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Empathy and flexibility: The future of online retail

Publisched on
December 16, 2021


The learning curve in ecommerce is set to continue in 2022. New customers, new competition and new technology abound, with pandemic uncertainty still front of mind.

Key for retailers will be navigating supply chain issues, and weathering the impact of any new Covid restrictions by forging strong customer relationships across digital channels. Ultimately, the task is arguably to foster trust amongst consumers in a hybrid form of commerce long-term.

Eve Sleep CEO Cheryl Calverley put it succinctly at the end of 2020: “The wise consumer is going to come with a very different set of expectations to this ecommerce space,” she told Econsultancy. “The sort of expectations they have had for John Lewis, Debenhams, and M&S – and they’re now going to expect it [from] ecommerce brands.”

Baby boomers, to use one demographic as an example, are spending more of their money online and they need to trust that: their package will arrive on time, their personal data is being used responsibly and as outlined, products are represented truthfully, payment is secure, and customer service is readily available.

All online shoppers are experiencing ecommerce in light of their changing lifestyles. So, what are the ongoing trends that will focus business minds over the next 12 months?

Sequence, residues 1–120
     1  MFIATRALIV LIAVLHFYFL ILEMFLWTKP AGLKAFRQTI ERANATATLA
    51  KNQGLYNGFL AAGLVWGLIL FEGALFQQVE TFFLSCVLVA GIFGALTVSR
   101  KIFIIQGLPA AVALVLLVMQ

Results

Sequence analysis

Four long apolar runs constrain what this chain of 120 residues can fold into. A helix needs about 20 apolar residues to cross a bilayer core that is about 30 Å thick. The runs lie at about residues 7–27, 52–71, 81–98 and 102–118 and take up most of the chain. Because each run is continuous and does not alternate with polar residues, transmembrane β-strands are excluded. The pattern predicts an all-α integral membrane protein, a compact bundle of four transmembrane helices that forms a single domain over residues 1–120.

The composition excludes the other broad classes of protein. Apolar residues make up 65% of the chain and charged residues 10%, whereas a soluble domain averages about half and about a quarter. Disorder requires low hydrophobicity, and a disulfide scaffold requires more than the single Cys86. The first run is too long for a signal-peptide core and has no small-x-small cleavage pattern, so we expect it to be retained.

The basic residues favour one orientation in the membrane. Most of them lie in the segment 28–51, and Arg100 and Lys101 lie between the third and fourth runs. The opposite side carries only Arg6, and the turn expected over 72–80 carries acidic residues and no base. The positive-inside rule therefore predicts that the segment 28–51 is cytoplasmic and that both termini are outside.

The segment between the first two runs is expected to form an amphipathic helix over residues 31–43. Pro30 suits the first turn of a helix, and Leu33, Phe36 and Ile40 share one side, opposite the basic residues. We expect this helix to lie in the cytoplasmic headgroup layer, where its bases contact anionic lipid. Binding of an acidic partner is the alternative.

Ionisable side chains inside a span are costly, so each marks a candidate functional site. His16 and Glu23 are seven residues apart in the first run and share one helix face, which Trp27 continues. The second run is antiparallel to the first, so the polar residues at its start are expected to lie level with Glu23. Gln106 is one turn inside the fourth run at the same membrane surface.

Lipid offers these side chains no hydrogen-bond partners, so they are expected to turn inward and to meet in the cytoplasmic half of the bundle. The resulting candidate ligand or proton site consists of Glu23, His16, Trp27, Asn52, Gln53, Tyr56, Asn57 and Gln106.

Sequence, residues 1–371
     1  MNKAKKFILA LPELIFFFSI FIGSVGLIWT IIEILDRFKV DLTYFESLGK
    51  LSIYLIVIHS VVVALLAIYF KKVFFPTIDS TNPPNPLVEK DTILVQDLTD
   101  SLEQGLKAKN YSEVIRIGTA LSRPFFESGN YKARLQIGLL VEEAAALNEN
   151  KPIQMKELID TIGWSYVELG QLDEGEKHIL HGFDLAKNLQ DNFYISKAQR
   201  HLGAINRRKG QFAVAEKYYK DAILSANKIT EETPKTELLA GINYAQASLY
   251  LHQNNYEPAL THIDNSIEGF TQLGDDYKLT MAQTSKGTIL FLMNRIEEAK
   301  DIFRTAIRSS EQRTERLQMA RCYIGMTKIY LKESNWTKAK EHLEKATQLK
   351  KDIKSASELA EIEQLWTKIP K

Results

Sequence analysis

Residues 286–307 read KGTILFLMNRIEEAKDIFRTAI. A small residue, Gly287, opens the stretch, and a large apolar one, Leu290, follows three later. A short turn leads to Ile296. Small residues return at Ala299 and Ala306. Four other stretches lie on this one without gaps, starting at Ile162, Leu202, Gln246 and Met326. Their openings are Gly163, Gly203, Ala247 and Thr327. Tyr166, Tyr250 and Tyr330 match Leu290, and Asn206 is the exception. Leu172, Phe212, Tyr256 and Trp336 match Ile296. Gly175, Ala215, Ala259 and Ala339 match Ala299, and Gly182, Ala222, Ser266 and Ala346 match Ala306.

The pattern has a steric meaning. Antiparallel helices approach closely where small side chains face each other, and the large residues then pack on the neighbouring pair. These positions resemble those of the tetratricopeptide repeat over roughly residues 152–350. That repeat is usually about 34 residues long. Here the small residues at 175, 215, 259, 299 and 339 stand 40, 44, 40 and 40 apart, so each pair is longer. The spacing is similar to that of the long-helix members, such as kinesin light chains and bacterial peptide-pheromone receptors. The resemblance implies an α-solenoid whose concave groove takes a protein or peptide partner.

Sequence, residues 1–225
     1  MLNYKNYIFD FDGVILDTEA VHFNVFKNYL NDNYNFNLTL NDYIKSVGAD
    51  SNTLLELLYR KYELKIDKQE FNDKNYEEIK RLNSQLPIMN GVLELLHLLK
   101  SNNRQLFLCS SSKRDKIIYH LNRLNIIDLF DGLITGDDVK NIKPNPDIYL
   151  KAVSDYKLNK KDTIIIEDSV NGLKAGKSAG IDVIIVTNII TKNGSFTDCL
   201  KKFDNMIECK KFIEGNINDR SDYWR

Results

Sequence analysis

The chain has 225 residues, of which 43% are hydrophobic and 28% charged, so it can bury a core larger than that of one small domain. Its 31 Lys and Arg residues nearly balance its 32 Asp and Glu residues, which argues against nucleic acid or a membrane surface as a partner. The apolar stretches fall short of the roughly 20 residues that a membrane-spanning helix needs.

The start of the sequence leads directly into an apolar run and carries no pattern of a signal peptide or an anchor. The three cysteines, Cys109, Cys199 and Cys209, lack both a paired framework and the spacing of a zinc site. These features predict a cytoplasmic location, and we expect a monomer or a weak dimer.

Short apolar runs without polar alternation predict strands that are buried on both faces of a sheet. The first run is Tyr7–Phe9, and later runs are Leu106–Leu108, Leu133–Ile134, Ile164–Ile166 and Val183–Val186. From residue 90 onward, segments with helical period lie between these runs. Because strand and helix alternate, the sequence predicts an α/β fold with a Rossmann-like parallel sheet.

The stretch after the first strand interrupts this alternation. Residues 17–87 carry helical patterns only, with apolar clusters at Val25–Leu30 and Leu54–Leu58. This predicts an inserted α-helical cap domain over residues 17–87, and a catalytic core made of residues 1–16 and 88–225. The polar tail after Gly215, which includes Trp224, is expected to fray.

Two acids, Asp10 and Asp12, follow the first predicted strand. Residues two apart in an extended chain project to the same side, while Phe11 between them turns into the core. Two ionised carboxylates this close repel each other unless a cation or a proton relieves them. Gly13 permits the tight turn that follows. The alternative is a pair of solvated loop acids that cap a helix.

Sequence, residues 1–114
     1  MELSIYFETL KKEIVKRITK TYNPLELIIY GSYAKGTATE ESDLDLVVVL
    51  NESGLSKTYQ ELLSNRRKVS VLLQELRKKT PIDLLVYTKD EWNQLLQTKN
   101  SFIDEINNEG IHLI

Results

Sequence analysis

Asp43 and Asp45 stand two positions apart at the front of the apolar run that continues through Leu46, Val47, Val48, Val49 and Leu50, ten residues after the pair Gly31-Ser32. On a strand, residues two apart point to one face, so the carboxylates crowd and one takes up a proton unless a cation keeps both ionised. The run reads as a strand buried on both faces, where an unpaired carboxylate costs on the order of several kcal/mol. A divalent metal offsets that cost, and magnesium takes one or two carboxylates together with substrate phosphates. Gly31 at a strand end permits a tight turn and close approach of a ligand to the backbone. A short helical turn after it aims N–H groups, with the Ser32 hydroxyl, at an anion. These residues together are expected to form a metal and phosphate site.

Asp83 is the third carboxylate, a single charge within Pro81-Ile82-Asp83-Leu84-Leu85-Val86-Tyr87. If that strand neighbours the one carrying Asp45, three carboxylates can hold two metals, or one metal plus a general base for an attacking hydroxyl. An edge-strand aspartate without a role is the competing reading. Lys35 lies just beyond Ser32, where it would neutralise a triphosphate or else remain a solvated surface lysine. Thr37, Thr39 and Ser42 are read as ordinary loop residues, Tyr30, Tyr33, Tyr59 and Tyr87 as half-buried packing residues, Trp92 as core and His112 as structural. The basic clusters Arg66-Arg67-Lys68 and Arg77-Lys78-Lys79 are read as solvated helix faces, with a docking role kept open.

Flexible, creative, and empathic experiences

In an article for Forbes, SAP’s Maria Morais writes of ‘a call for flexible, creative, and empathic experiences’. She highlights the DIY trend for example – this was pronounced early in the pandemic and gave rise to people doing more activities themselves, such as crafts or recipe boxes, not to mention home improvement.

For ecommerce experiences specifically – flexibility, creativity and empathy may prove a powerful rule of three. Flexibility is going to be a valuable trait, both in terms of how customers can self-serve and also in how businesses can quickly adapt to supply chain issues or bricks-and-mortar disruption. From online merchandising to advertising creative to fulfilment options, having backend and frontend working seamlessly together will reduce waste and, just as importantly, customer frustration.

Creativity more broadly is at a greater premium as competition online continues to grow. It’s not enough to have a usable website with great product, your ecommerce branding and online advertising sits downstream of brand strategy. Content has to carry-through the brand.

And, finally, empathy. This could refer to the culture of customer-centricity that has long been advocated by some digital-first retailers. Post-sale service in particular could become the crux of customer retention. But there’s also an interesting recalibration of what a personalised service or experience looks like. With third-party cookies being phased out, hyper-targeting has lost appeal, and brands should take a more measured and human approach to personalisation, focusing on what customers truly value. On a recent podcast, for example, SAP’s Morais said, “real-time is a design decision, it’s not a condition for personalisation”. Though speed can of course be an advantage, the point is that brands should not let the possibilities of tech dictate their strategy.